Which is why I have no problem admitting to you that I had a difficult time becoming accustomed to a Quebec winter (one that I’ve been told by many was really not that bad). But the extent of which we are truly formed by our surroundings, particularly when we’re still in the womb, has been something of great interest to Dr. Suzanne King, a Montreal-based researcher, for decades.
When the ice storms of 1998 took place, Dr. King had already been curious about prenatal maternal stress. After the storms, she turned her curiosity into a study on how that stress impacts a child’s health.
The study, titled (arguably the coolest name ever) Project Ice Storm, was (and is) conducted by scientists from the Douglas Mental Health University Institute and McGill University, and started by addressing the maternal personality factors of 178 women who had been exposed to the storms, who either were pregnant at the time, or became pregnant soon after. Researchers also factored in the amount of days without power each woman went through, post-traumatic stress symptoms, and physiological reactions.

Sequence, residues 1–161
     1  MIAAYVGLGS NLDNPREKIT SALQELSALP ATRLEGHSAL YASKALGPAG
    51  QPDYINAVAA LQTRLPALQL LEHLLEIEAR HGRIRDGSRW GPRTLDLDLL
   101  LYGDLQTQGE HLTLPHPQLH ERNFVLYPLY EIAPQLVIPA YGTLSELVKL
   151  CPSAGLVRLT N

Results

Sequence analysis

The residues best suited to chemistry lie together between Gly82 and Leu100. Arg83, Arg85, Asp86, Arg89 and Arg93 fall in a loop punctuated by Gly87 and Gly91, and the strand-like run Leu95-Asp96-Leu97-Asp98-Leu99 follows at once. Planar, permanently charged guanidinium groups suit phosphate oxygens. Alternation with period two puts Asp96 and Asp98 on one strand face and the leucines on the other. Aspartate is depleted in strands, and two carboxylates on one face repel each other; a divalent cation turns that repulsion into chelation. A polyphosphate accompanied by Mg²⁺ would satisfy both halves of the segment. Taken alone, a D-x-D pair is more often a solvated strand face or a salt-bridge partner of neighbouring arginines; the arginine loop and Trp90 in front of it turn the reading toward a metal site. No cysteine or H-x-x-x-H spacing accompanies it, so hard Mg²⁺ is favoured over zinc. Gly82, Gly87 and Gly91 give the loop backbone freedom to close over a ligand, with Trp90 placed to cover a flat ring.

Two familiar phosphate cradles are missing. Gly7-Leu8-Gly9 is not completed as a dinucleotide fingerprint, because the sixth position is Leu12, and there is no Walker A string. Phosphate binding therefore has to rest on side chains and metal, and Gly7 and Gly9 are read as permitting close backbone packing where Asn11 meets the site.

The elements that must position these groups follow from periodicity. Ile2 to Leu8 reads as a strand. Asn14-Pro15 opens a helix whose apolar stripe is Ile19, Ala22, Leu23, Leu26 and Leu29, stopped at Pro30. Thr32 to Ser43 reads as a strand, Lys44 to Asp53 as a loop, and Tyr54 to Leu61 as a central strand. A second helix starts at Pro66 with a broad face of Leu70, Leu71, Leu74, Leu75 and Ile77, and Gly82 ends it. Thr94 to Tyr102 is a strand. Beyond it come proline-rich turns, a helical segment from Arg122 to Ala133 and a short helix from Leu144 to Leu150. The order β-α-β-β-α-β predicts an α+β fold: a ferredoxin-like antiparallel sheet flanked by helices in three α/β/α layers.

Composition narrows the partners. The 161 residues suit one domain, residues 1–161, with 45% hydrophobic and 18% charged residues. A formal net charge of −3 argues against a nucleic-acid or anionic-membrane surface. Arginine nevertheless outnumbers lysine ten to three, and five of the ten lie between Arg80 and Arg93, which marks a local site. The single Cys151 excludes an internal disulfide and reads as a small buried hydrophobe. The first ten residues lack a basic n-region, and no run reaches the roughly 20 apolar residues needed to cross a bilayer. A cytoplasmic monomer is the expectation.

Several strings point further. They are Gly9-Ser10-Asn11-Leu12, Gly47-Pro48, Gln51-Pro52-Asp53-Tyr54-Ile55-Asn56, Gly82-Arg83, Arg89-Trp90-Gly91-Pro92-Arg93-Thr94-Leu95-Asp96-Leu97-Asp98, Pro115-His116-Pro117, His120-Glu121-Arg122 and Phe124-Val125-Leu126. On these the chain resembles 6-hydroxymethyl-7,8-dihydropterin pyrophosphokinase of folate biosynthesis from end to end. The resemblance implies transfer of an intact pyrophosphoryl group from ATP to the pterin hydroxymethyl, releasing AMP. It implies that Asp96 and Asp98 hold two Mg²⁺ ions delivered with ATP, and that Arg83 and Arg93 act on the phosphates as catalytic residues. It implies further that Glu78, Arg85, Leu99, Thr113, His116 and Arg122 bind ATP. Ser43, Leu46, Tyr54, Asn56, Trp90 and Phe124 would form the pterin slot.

Follow-ups with the children born from these women happened every year or every other year, though it’s clear that the follow-up is ongoing, as the goal of the study as it currently stands is “to understand the long-term effects of the prenatal exposure to stress… by studying developmental trajectories through early adulthood,” according to the Project Ice Storm page on McGill’s website.